But since it's the off season…which means it's the silly season…and we have the time, let's break down what possible impact Manziel's behavior had on A&M's program and the fans.

First, we have established that it had nothing to do with anything on the field. In fact, let's also run through a list of off field items that might negatively impact Manziel's ability to produce on the field.

Did he get arrested as he did last summer? No.

Is he in danger of losing eligibility due to NCAA compliance issues? Apparently not.

Is he academically eligible? Apparently yes.

Did he personally attack teammates, coaches, or the fan base as whole…in other words, the people that support him, help make him the player that he is, and idolize him? No.

Did he make up a fake girlfriend or get involved in some way with one because of the pressures involved with A&M's season? No. (Sorry, I couldn't resist).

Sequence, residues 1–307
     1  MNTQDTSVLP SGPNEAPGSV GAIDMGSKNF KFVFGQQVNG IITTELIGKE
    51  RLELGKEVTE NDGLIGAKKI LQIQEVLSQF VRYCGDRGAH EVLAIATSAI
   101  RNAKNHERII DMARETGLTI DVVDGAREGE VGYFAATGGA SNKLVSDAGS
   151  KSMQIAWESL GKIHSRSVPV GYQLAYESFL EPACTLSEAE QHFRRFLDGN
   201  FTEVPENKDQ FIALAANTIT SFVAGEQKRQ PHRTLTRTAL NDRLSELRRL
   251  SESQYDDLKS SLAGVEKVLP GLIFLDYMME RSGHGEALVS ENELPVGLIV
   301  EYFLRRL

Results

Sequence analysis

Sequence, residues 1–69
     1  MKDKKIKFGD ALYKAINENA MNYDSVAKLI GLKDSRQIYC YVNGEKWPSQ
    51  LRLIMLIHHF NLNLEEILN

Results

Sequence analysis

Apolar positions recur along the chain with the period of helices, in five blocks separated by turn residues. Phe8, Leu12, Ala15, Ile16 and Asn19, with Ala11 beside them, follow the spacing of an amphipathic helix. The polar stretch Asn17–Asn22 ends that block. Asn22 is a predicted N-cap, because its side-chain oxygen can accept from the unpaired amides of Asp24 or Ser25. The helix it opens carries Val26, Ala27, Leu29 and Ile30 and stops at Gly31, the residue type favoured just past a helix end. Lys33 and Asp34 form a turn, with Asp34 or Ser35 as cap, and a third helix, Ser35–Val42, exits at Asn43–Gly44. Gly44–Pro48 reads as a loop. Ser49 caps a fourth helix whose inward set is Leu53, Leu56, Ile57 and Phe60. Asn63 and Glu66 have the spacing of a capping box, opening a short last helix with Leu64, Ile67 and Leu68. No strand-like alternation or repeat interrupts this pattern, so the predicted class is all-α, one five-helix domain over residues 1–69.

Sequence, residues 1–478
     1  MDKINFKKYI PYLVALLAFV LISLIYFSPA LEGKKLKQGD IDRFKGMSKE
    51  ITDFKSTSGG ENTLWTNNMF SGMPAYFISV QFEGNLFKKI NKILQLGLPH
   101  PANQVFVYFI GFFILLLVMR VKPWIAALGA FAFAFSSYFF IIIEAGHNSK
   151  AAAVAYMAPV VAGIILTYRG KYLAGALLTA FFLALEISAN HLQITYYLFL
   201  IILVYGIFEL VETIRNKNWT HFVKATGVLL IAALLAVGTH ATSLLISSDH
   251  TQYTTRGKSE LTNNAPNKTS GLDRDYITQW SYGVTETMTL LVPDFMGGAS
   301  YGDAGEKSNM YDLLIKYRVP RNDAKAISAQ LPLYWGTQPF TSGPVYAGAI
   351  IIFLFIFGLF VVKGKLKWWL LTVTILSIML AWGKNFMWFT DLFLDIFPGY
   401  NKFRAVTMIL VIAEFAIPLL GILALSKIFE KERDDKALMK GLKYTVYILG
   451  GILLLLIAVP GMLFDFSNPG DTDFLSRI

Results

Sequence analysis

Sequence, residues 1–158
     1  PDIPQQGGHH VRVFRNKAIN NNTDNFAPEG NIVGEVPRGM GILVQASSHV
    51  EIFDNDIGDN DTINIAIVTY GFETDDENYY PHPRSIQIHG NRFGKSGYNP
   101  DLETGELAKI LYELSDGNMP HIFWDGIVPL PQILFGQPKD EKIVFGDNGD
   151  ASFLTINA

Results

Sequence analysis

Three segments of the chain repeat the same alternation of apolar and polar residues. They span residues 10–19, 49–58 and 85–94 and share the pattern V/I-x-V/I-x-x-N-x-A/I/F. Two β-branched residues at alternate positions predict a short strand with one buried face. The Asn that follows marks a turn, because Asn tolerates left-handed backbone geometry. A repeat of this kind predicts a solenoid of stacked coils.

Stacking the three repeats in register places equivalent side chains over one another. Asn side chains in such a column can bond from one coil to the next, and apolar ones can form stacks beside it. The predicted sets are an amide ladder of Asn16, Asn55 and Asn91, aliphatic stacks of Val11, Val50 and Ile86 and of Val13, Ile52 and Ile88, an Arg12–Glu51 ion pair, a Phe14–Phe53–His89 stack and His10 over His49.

If you look at everything that Manziel has done since his arrest last summer…which he has admitted was a turning point for him…here's a list of the positives: coming from behind to win the starting quarterback job, lead the Aggies to a 11-2 season, beat the national champions on their home turf, elevate A&M's perception nationally to levels it hasn't been accustomed to in years, win the Heisman Trophy, be gracious enough to have his picture taken with A&M fans everywhere, and become Kirk Herbstreit's best friend…and all of this happened within a six month time frame from a time when no one knew who he was.